Home is where the hurt is
I wanted to understand and I hung on to their every word. They were holocaust survivors. They were Jewish and I, an Arab, was in their home in Virginia. It was my first encounter with survivors of the Nazi holocaust. With pain, the couple, in their mid-70s, described the horrific events they had endured. By the time they had finished, I fully agreed that Jews needed their own homeland. And then it came – the statement that has perplexed and angered Arabs for half a century.
‘Palestine was an empty land,’ they said. ‘It was a desert.’
Shocked, I stared at them. Empty land? Desert?
‘There were towns and villages as in any other country,’ I stammered.
They admitted that there had been some people living there, but ‘the Palestinians left of their own free will’.
It’s been over a year since I visited the couple but I keep hearing their words.
I was training in a newspaper company in the US. The Palestinian Intifada had recently renewed and I was assigned to write an explanatory article about it. I knew that the only way readers could understand the conflict was to appreciate the historic events which occurred 53 years ago – the creation of the state of Israel. And so I set out to interview the holocaust survivors and a 96-year-old Palestinian man – all residing in the US.
I tried that day to convince the couple that indeed there were people, towns and villages in a country called Palestine. But the answer was the same: ‘It was a desert and we made it bloom.’
They truly believed that. It was what they had been told. What more could I say?
When I repeated the conversation to American friends, I was warned to be ‘careful or you will be labelled as anti-Semitic’.
Considering I am Semitic myself – as Levantine Arabs are – it would be a rather ridiculous accusation. And surely questioning and criticizing the creation and policies of Israel doesn’t make me anti-Jewish?
Fortunately, none of my Jewish friends think so.
When I repeated my conversation with the couple to some Palestinian refugees in Lebanese camps, I thought I had inadvertently started a revolution.
‘What do they mean it was a desert? What do they mean we left of our own free will? Why would we leave our homes to live in filthy refugee camps denied our basic human rights? The Jewish army killed our families and kicked us out,’ they yelled at me.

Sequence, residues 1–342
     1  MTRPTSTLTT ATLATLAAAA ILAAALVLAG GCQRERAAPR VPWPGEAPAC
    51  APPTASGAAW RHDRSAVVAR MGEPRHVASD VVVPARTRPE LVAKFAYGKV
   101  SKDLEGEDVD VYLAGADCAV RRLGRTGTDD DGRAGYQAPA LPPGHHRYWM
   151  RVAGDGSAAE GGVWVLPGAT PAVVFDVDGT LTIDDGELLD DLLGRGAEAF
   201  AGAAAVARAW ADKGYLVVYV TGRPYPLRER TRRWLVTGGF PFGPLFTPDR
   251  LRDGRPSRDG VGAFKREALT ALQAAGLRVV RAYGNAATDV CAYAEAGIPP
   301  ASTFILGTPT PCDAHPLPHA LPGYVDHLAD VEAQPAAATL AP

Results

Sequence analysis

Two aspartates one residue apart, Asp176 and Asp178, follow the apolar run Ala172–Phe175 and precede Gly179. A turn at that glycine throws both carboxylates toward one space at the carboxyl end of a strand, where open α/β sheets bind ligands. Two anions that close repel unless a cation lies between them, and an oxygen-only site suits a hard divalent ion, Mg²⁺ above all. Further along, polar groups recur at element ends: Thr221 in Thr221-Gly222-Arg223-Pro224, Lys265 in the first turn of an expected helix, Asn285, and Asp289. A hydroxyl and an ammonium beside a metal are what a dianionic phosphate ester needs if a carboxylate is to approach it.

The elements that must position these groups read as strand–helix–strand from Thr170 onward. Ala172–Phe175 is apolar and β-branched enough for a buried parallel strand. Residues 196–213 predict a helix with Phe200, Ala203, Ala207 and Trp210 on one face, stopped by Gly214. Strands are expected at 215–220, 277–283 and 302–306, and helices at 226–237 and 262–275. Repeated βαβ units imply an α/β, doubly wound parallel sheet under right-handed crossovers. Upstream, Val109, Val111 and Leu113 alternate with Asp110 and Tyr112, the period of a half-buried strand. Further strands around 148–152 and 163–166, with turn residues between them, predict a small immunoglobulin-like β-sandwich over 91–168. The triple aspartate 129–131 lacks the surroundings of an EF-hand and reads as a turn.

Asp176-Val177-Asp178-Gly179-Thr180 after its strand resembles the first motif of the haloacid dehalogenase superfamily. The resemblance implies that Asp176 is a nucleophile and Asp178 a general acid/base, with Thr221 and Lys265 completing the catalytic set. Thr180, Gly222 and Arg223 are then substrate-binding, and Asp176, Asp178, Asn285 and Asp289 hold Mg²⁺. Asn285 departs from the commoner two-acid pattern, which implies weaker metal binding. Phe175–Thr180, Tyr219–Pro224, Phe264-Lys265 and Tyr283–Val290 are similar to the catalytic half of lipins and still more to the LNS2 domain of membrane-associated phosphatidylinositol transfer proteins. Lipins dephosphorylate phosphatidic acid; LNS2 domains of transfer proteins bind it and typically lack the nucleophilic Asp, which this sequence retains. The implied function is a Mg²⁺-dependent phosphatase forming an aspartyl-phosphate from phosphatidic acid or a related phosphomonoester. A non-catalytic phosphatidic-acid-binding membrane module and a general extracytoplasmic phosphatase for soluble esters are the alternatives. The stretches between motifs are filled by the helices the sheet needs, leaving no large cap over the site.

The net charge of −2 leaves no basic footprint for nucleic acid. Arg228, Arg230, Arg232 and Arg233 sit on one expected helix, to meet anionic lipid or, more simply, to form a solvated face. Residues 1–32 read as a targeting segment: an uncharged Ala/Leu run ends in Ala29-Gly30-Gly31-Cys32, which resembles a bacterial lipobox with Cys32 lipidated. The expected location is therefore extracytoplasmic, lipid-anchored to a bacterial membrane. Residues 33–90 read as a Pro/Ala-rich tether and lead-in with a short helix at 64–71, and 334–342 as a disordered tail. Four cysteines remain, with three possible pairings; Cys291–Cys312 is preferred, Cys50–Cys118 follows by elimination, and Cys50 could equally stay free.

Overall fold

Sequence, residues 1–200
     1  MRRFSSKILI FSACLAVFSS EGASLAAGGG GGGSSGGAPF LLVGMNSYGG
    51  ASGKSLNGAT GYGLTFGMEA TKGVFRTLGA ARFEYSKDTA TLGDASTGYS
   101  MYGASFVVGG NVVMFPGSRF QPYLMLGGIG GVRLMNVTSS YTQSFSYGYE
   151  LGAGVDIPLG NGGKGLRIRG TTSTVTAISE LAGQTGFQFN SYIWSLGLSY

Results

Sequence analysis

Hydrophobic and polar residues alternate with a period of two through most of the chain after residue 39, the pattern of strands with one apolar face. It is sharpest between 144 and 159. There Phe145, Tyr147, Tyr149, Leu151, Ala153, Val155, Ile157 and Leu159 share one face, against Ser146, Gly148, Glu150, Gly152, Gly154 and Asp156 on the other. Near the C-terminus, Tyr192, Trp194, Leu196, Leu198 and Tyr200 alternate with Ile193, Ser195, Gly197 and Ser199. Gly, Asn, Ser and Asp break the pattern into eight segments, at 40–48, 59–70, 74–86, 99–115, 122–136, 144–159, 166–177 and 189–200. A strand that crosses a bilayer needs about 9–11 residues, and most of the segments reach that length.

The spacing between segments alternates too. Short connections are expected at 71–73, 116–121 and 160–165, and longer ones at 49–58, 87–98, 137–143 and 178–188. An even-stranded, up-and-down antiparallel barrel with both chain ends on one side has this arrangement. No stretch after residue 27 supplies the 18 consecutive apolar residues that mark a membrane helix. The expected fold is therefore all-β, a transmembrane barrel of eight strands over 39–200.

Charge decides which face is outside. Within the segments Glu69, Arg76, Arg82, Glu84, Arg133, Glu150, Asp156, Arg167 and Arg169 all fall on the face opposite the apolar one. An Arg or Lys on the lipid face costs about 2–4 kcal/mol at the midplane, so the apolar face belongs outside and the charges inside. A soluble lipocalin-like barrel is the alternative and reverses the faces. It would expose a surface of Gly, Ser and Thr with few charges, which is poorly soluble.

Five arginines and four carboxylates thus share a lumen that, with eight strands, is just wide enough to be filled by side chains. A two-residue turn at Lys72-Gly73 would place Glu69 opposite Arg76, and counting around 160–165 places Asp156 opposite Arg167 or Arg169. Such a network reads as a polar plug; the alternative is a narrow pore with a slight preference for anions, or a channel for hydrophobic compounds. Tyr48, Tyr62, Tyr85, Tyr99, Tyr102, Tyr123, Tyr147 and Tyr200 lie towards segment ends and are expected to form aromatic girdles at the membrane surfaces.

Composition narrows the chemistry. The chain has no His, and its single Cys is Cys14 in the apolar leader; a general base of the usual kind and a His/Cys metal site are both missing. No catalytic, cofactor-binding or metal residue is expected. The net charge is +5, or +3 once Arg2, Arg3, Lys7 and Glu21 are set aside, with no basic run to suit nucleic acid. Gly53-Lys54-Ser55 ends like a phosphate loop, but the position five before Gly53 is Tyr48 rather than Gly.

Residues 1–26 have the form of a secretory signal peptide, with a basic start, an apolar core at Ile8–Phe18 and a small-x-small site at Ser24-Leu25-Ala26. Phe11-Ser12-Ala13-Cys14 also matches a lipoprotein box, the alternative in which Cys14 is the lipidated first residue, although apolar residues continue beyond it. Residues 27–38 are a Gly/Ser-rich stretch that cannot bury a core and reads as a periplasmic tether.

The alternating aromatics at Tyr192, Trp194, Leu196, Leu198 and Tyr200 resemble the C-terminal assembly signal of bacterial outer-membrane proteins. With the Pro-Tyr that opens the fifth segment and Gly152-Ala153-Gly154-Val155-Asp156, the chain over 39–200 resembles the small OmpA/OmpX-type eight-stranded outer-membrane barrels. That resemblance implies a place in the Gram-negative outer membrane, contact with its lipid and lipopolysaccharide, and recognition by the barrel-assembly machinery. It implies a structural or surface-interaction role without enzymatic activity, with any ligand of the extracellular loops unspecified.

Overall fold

Since the Intifada restarted more than a year ago, refugees have been feeling increasingly frustrated. Unable to help their relatives fight Israeli aggression, many are glued to their television sets, counting the ever-rising toll of Palestinian deaths.
But, against all hope, their dream of returning to their villages is still very much alive.
‘All refugees in the world are allowed to go back home,’ said Abu Ibrahim, a 72-year-old Palestinian residing in the overcrowded Sabra and Chatila camp. ‘So why can’t we?’
It’s not so simple. Most of their villages are now inhabited by Israelis. And with up to 1,000 immigrants arriving into the Jewish state every week, the chances of Palestinians returning seem slimmer and slimmer.
But refugees are unwilling to hear or understand the argument that Jewish residents and their offspring are not suddenly going to ‘go back to the European countries they come from’ – as many Palestinians say.
‘It’s our right to go home,’ said Abu Ibrahim.
This ‘right of return’ is enshrined in every Palestinian – and Arab – heart.
As Zahi, a Palestinian friend, puts it: ‘I will not go and live there. But I want the world and the Israelis to acknowledge this right.’
As an engineer, Zahi is well settled in Lebanon. ‘The idea of starting again in another country doesn’t appeal to me. If I left Lebanon, I’d prefer to emigrate to the US or Europe.’
The Intifada itself and any solution to the Arab-Israeli conflict is based on the acknowledgement of this ‘right’. And to acknowledge it means to acknowledge that Palestine was not a desert, nor was it a land without people.
Palestinians will quickly point out that there seems to be little international concern for their fate. The Intifada continues.
‘But there certainly is a lot of concern for Israel,’ said Zahi. ‘Look at the big deal they [the world] make when one Israeli is killed and yet remain silent when hundreds of Palestinians die.’
‘So,’ he added, ‘maybe the international community should look at it in another way: if you care about Israel and want its peace, then acknowledge our right of return.’
Only then can serious negotiations begin that will lead to a true peace.
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